By, Brendan Collins
“Let’s play some pond hockey today.”
The words were from a dear friend and former teammate on our local Mite 9 travel team. Kyle Robillard was inviting me to a pond covered in snow and with no guarantee of how deep the ice was.
I figured, ‘Why not?’
This, after all, is where our sport started, kids putting on skates on local ponds, rivers, and lakes. Not only that but Kyle’s girlfriend was out there with a shovel carving out an ice rink in the deep snow. My pride kicked in; I had to help. I laced up my skates for the first time in a year and hit the ice with a shovel in my hands. The three of us carved out a mini hockey rink as big as we could in the deep snow, and after over an hour of hard work we had ourselves a playing surface. I reached out to everyone via text messages and other social media, asking them to come down and join in a pond hockey game: the Sunday Game.
Within an hour there were an additional five players. I went back to my car to grab my stick and hockey gloves and when I opened my bag I saw my custom-made #24 BU Travis Roy jersey. When I saw it my body went numb. I couldn’t stop thinking about how much fun Travis would have being here at this moment, and I realized how fortunate I was to be able to play. I also realized that all the years of intense competition to play college hockey, and the emptiness after my career was over, had masked much of my pure love of the sport. I have been a hockey scout for the past two years and a coach for two years prior to that, and with all those hours in the rinks watching hockey I lost my pure passion for the game. Don’t get me wrong. I love going to hockey games and analyzing players. It’s fun and I enjoy it very much, but it’s not the same thing.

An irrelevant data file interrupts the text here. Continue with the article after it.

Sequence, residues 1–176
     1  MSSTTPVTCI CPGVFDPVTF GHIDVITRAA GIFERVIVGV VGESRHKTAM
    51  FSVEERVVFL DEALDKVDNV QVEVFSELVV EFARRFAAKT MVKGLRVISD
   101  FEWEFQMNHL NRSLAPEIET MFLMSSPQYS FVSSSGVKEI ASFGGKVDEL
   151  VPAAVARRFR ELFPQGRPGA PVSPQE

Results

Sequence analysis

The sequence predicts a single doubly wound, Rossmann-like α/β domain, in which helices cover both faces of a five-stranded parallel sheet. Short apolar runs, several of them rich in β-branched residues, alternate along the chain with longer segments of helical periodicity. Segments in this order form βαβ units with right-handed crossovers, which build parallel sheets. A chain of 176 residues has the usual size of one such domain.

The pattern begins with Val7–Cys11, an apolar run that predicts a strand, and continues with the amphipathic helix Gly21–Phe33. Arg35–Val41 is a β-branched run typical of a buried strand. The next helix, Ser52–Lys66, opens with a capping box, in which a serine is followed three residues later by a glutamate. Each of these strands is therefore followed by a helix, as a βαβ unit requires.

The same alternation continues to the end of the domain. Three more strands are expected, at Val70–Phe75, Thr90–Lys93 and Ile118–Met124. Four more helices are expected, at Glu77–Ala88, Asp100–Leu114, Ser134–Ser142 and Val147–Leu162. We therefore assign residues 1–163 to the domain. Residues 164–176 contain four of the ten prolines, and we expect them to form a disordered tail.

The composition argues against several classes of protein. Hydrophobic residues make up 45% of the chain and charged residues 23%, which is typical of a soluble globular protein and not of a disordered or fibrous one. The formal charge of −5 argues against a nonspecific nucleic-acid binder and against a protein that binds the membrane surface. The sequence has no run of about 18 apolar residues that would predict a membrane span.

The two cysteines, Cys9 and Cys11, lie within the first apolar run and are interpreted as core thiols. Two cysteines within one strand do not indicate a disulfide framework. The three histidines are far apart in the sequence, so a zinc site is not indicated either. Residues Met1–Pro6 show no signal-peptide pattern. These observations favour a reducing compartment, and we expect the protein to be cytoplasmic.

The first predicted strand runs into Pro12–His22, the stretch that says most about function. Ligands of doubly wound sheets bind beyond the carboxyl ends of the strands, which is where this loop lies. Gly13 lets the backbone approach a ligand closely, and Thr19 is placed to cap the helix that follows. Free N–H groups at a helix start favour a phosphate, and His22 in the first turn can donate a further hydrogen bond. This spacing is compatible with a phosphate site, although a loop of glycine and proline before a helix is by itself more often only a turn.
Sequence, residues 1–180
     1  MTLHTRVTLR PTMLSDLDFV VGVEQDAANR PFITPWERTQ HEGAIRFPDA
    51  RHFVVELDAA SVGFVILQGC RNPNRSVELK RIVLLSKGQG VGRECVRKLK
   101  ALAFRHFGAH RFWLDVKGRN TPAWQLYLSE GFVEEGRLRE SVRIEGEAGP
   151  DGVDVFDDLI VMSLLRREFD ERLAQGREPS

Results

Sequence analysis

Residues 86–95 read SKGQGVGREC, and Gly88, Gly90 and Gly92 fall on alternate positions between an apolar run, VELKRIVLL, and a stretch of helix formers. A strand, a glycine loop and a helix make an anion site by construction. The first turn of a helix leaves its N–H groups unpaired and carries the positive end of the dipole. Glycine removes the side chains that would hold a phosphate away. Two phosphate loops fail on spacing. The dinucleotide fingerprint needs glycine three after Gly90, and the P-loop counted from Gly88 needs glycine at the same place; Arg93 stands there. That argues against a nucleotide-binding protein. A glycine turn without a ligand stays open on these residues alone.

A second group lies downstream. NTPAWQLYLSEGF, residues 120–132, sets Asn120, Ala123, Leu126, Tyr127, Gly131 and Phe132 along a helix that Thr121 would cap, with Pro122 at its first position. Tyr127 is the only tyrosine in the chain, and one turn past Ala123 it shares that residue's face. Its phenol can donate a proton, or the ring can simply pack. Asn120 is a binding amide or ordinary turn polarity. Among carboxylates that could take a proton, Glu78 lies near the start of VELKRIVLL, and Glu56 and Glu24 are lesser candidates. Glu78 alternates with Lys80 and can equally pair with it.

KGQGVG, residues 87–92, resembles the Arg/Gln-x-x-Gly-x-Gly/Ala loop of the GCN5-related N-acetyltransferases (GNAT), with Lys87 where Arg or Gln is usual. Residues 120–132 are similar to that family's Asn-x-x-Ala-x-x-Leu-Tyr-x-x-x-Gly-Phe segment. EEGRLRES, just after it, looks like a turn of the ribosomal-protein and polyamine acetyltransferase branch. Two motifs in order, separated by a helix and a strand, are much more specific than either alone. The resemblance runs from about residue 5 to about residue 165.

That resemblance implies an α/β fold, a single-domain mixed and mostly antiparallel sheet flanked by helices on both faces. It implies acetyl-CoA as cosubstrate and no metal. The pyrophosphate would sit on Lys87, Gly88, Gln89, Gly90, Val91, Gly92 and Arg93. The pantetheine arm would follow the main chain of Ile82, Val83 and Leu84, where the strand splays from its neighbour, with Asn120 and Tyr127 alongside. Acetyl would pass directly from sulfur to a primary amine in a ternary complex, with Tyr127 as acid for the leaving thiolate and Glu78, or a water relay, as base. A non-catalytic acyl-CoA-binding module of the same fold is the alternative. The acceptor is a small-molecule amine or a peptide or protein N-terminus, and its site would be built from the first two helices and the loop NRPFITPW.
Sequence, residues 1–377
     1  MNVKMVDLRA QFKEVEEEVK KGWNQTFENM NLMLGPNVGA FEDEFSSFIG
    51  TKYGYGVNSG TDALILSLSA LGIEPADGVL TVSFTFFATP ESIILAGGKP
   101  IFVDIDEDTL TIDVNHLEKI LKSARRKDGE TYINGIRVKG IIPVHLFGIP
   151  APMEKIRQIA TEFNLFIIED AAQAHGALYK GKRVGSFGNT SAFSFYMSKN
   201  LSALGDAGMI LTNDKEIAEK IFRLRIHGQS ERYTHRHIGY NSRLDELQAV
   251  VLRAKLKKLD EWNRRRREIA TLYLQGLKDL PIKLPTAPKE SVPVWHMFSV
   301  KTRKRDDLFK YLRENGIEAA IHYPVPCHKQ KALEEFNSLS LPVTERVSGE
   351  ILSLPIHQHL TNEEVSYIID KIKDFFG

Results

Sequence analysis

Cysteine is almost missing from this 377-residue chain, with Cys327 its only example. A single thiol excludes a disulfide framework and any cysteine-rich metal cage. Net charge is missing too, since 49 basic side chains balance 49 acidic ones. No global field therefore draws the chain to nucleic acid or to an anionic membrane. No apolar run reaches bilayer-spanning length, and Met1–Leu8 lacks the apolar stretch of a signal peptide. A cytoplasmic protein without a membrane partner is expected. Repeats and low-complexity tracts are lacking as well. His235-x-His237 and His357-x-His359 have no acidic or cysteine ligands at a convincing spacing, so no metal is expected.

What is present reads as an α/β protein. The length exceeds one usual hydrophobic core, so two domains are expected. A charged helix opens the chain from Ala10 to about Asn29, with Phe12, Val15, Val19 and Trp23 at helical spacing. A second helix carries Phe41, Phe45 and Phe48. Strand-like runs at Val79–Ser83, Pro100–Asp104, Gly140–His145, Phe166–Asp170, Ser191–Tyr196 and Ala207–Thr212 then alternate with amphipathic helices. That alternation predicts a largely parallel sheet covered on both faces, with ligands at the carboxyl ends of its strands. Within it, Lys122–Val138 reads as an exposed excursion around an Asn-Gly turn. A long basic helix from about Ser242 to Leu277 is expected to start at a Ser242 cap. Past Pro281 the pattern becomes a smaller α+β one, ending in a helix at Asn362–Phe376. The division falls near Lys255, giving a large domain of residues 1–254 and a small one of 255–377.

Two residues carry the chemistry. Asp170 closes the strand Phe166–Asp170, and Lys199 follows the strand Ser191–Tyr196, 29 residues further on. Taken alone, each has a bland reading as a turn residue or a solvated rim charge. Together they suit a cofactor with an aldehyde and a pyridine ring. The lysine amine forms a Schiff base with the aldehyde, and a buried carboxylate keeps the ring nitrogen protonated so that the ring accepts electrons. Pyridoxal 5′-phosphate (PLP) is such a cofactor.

Since that original skate we decided to name the rink the Combination Complex and made several upgrades to the surface in preparation for the next Sunday Game, a tip of the hat to the film Mystery, Alaska. Kyle manufactured goals out of wood pallets. I, with the help of my boss, constructed a homemade Zamboni. Chris Adams came with his four-wheeler and plow to expand the playing surface. We brought our Zamboni onto the ice for the first time before the start of the second Sunday Game, and it worked beautifully. The addition of goals, a grill, a clean sheet of ice, and a good group of players took the Sunday game to the next level. Everyone from Kyle, Chris, Steph and all the others who showed up to play took this from a pick-up game to a weekly event that every player looks forward to.
We just finished our third Sunday game this week. When I saw the players fighting for a puck along the snowbank, the smiles and laughs between periods, and the joy of someone scoring a goal, it took me back to dusting off my bag and seeing that #24 jersey. I wear that jersey every week Travis, and while it may sound corny to some, it makes me feel like we are both out there together. No matter how cold it is, no matter how much work it is to get that rink in top shape for the puck drop, I will be there because it means more to me than just a game. It is where our sport was born. It is where my love of the game was cultivated and it is where I can throw on my hero’s colors and, even if it’s just for one moment, I am Travis Roy scoring the game-winner against Boston College in the Beanpot finals. And when the sun sets behind the Vermont mountains and it’s time to pack up and go home, I realize that I owe everything in my life to the man who wore the #24 jersey. And I can’t wait for next Sunday to be him, again.